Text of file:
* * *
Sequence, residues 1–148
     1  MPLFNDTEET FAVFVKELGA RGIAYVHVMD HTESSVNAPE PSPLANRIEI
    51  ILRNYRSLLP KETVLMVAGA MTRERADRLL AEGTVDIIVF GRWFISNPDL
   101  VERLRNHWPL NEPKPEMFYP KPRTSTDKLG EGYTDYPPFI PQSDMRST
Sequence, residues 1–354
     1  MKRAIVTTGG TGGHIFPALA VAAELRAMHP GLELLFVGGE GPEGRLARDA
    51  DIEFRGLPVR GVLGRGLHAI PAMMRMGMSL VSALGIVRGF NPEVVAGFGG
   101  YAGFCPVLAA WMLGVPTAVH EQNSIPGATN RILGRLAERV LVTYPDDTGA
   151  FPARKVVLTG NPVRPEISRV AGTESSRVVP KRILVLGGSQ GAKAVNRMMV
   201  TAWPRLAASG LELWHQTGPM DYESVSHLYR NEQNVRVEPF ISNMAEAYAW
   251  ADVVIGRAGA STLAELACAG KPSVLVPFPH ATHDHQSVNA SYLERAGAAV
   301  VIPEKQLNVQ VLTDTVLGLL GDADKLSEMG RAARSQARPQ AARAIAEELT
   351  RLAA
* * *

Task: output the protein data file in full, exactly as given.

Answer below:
Sequence, residues 1–148
     1  MPLFNDTEET FAVFVKELGA RGIAYVHVMD HTESSVNAPE PSPLANRIEI
    51  ILRNYRSLLP KETVLMVAGA MTRERADRLL AEGTVDIIVF GRWFISNPDL
   101  VERLRNHWPL NEPKPEMFYP KPRTSTDKLG EGYTDYPPFI PQSDMRST
Sequence, residues 1–354
     1  MKRAIVTTGG TGGHIFPALA VAAELRAMHP GLELLFVGGE GPEGRLARDA
    51  DIEFRGLPVR GVLGRGLHAI PAMMRMGMSL VSALGIVRGF NPEVVAGFGG
   101  YAGFCPVLAA WMLGVPTAVH EQNSIPGATN RILGRLAERV LVTYPDDTGA
   151  FPARKVVLTG NPVRPEISRV AGTESSRVVP KRILVLGGSQ GAKAVNRMMV
   201  TAWPRLAASG LELWHQTGPM DYESVSHLYR NEQNVRVEPF ISNMAEAYAW
   251  ADVVIGRAGA STLAELACAG KPSVLVPFPH ATHDHQSVNA SYLERAGAAV
   301  VIPEKQLNVQ VLTDTVLGLL GDADKLSEMG RAARSQARPQ AARAIAEELT
   351  RLAA